Hailed an important work upon it’s publication in 1967, Journey into the Whirlwind is Ginzburg’s personal account her years in a Soviet prison during the reign of Josef Stalin.
As a teenager I read Solhenitsyn’s Gulag Archipelago, and was stunned at the brutality and inhumane treatment of political prisoners during the Stalin era. Ginzburg’s work brought back all those memories and more. It’s a detailed narrative of how easily a public can be manipulated to turn on their friends and neighbors, through fear, and also through propaganda. This alone makes it a valuable piece of literature – the fact that those who don’t know history are doomed to repeat it.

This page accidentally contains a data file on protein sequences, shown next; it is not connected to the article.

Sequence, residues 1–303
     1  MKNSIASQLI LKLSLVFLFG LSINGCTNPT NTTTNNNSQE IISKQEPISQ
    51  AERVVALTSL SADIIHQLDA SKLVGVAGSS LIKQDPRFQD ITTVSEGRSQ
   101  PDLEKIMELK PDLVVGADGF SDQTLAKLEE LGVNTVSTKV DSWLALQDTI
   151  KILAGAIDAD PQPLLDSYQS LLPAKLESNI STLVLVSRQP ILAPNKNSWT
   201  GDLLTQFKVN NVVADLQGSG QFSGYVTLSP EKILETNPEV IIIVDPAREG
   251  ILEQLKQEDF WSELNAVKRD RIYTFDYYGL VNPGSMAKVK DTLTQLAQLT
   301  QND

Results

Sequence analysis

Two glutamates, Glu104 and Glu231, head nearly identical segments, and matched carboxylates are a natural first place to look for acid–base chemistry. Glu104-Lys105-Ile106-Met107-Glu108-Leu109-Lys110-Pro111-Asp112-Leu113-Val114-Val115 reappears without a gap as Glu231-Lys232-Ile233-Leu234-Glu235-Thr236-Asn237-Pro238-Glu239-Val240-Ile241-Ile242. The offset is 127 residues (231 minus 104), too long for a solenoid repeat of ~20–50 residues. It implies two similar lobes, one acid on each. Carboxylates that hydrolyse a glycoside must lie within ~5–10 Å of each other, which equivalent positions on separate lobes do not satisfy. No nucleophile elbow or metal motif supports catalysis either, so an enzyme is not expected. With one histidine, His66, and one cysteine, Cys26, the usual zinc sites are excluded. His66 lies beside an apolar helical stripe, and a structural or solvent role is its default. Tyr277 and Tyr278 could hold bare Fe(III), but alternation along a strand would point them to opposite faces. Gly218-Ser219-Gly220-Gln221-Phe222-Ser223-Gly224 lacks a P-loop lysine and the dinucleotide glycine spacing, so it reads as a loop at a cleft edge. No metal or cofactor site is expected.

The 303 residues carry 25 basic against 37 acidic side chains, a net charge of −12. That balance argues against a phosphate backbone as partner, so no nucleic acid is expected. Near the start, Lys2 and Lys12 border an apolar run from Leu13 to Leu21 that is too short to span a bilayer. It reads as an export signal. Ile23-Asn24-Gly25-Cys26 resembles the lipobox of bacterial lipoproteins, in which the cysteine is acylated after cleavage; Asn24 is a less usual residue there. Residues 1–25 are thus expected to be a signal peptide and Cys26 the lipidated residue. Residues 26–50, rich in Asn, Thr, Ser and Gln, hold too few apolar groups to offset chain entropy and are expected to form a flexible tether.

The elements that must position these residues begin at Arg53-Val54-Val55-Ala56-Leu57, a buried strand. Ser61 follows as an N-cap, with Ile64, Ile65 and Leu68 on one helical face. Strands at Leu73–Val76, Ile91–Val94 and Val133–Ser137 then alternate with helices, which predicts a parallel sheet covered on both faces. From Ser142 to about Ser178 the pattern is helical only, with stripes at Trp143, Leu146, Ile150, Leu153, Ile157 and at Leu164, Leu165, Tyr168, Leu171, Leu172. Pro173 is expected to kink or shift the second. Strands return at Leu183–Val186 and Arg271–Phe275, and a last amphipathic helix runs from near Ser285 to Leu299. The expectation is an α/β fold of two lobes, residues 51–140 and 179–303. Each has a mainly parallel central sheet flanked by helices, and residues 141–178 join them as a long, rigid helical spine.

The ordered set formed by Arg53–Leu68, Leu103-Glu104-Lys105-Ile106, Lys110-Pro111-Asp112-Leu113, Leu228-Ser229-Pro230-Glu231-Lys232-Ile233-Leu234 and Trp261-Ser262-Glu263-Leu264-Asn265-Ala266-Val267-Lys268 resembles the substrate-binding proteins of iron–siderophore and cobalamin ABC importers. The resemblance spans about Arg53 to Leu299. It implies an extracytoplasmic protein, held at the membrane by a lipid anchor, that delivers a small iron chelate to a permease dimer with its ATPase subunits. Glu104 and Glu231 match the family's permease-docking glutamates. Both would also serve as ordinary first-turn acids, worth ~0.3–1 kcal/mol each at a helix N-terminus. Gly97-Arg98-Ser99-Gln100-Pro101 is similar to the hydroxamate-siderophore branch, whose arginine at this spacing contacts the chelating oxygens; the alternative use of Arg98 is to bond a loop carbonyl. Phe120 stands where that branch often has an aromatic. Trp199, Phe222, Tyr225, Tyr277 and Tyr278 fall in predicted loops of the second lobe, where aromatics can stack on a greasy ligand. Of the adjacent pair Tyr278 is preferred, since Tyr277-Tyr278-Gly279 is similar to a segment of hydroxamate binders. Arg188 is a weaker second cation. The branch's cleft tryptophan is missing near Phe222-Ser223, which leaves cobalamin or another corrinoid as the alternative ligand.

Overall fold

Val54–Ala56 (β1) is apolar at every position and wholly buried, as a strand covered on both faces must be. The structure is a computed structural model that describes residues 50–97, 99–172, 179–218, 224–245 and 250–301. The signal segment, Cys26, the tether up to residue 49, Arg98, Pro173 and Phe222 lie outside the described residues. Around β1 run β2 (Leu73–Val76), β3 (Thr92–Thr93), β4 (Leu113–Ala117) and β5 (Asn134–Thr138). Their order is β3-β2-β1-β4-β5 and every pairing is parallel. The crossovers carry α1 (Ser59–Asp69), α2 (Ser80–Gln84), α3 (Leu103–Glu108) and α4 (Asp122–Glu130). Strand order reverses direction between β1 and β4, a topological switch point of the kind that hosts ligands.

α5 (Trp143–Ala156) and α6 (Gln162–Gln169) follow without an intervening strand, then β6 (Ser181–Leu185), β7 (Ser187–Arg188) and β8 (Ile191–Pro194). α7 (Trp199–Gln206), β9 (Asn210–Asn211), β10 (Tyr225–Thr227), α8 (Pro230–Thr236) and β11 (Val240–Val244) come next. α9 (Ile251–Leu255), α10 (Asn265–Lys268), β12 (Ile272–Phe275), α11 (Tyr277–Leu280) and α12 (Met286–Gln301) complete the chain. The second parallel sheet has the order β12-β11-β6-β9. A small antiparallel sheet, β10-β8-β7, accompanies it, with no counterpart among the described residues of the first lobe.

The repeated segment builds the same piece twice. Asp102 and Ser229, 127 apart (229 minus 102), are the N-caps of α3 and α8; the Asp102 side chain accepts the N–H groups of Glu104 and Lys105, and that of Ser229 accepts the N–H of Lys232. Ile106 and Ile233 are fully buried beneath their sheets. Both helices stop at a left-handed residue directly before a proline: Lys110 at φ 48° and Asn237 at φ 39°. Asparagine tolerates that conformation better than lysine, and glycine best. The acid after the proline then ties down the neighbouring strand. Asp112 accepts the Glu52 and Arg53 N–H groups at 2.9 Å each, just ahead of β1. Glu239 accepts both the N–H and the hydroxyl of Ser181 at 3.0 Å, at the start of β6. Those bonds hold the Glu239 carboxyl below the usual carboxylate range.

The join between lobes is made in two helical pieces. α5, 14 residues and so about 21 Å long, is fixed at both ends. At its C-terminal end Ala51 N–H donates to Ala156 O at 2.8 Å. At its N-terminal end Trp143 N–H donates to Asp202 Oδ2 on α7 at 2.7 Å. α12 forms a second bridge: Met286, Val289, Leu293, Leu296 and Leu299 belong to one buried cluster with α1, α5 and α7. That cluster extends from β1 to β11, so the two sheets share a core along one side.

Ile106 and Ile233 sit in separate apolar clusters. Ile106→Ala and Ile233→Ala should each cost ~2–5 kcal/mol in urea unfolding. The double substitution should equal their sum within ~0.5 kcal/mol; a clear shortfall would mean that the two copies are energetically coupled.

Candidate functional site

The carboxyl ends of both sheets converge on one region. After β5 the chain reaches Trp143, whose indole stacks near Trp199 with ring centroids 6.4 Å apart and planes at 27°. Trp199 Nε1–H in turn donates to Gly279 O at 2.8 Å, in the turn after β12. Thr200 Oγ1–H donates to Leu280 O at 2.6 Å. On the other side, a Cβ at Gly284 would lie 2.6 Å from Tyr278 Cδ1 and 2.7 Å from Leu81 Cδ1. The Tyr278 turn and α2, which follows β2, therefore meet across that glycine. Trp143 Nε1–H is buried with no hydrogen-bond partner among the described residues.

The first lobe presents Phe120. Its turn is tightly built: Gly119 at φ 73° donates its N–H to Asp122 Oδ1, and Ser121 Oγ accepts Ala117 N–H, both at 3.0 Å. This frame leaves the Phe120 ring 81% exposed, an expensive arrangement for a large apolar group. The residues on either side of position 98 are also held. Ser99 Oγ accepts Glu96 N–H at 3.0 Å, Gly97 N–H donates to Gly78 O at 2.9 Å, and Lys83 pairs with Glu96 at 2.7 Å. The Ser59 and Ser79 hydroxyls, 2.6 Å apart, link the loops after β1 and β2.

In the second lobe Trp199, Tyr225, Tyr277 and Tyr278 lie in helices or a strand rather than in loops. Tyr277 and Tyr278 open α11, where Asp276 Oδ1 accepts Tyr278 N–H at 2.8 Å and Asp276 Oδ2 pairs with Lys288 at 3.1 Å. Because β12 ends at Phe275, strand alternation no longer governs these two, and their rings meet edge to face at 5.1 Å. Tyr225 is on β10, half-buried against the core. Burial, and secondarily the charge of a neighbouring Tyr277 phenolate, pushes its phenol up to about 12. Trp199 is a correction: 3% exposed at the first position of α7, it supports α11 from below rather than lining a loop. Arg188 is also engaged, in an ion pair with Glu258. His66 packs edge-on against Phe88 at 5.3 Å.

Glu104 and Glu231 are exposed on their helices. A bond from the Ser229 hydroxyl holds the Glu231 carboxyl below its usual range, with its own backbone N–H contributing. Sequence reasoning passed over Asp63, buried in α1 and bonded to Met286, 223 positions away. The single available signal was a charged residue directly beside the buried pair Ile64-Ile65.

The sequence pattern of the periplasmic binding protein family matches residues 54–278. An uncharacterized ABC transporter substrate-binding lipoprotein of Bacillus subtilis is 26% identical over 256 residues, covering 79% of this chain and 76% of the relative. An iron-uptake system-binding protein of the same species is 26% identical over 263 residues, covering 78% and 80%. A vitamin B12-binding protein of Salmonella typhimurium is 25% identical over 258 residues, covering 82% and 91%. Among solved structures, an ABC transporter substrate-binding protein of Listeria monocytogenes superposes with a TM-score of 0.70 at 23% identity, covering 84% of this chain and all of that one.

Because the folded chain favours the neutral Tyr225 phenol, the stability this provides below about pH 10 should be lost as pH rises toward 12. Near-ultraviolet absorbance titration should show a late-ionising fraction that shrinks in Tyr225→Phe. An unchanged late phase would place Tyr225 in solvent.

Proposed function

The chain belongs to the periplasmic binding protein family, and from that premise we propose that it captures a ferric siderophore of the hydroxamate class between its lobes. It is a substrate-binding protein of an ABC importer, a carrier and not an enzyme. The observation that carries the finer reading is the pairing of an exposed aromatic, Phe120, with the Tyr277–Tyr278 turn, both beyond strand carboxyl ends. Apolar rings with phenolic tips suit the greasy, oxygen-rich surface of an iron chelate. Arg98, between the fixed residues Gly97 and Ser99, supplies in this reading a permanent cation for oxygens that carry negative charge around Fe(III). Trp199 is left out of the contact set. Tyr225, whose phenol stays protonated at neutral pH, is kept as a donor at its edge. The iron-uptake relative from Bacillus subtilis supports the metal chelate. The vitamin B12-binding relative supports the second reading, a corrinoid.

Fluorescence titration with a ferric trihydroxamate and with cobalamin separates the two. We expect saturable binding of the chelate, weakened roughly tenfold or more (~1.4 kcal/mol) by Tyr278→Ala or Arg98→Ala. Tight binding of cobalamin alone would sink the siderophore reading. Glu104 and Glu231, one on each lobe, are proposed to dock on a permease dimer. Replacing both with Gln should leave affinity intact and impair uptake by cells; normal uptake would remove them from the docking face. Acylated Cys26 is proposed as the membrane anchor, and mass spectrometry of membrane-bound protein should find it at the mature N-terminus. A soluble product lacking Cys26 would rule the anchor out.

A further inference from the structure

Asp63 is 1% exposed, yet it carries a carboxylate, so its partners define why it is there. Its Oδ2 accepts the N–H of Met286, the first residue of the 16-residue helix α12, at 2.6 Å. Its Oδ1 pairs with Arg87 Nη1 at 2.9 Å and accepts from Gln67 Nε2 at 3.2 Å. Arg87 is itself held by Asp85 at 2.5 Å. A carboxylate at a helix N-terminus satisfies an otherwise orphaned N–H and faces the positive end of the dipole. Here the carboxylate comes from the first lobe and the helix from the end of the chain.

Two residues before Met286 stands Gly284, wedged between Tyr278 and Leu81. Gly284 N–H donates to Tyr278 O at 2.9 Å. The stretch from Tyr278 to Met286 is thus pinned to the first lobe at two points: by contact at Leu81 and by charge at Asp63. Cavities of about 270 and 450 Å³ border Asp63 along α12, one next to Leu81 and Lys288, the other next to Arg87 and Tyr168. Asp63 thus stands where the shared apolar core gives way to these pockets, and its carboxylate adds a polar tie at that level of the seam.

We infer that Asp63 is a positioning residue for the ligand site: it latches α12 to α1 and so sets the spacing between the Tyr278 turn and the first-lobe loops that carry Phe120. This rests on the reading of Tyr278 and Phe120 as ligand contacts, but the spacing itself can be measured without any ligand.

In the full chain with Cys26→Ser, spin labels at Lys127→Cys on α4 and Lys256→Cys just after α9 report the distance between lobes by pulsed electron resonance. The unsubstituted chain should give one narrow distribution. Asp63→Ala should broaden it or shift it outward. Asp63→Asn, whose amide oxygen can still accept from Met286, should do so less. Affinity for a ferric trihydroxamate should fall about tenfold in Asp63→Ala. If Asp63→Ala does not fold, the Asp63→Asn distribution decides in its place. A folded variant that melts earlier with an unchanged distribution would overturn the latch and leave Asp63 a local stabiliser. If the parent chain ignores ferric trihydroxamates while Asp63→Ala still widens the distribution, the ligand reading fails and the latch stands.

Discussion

But Ginzburg also reveals a few equally important messages. First, that hope springs eternal. Even in the darkest moments, the prisoners held onto the belief that something good was going to happen, and to appreciate even the smallest of blessings. And second, human kindness doesn’t cease to exist – even in the hell of a Soviet prison.
4 stars (out of 5)
Published in 1967
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